About 500 rastas in the country have left for Kitwe, Zambia to launch a church as part of this year’s commemorations of the birthday of Imperial Majesty Haile Selassie I.
The Rastas believe that Selassie is the messiah who was born on July 23 1892.
Locally, the celebrations will be held at Geisha in Mzuzu and Chileka in Blantyre from July 19 to 25.
In an interview, an elder in the national council of the Rastafari movement, Ras Bulukutu Chirwa, said they will hold prayers and teachings in Zambia for seven days.
“Rastas in Zambia are not organised. So, we want to launch the movement and make sure that they are organised as is the case in other countries in southern Africa.
“During those seven days, we will be teaching new members who don’t know Haile Selassie I and for old members to continue believing in him,” he said.
Bulukutu said the crusade also wants to change the mentality that people have on Rastas.
“Our reputation is not good out there because people associate us with chamba only. But the truth is that we are spiritual beings who follow the teachings of Haile Selassie I,” he said.
Bulukutu said such a perception has led to segregation of Rastafari movement members. He said, as an example, their children continue facing resistance to attend public schools in dreadlocks.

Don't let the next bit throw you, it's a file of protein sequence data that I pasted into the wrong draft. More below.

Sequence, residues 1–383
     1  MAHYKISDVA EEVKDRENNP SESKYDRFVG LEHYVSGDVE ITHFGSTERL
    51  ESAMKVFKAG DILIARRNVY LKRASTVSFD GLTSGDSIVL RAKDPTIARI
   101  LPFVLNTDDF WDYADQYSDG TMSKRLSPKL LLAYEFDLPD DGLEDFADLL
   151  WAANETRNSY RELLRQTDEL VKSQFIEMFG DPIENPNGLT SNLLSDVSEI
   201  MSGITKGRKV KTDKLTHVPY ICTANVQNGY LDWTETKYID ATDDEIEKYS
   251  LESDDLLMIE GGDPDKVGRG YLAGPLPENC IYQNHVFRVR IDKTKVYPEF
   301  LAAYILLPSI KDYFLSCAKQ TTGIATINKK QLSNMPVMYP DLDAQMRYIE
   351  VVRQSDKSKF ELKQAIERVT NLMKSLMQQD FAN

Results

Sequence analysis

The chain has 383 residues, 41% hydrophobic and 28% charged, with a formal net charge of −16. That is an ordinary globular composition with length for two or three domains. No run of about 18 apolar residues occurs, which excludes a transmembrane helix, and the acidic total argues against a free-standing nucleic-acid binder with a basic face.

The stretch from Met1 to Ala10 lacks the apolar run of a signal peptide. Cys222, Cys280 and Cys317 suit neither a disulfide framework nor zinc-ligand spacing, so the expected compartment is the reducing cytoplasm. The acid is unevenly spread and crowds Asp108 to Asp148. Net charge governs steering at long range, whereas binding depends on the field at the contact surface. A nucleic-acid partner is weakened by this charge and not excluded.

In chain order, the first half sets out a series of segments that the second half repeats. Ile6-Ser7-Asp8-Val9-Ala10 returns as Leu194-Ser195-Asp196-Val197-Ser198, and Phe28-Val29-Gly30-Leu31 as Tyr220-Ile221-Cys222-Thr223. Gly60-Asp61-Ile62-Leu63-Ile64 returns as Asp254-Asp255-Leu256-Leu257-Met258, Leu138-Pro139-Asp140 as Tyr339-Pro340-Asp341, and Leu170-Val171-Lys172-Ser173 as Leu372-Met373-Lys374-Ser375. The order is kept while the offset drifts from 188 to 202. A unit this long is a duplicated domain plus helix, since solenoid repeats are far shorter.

He said his church is also not invited to discuss socio-economic issues in national religious meetings.
“We are sidelined in various national issues although we are registered. Our children in dreadlocks are denied their right to education.
“Even when the President is meeting religious leaders, we are not invited to represent our members,” he bemoaned.
Bulukutu said they plan to discuss these issues in Zambia and map the way forward on how best to address them, including a proposal to report such discriminatory tendencies to the African Union (AU).
He said the plan was to plant churches in various countries first before engaging AU.
So far, the rastas have successfully launched churches in Mozambique’, Namibia, Tanzania, Burundi and Malawi, according to Bulukutu.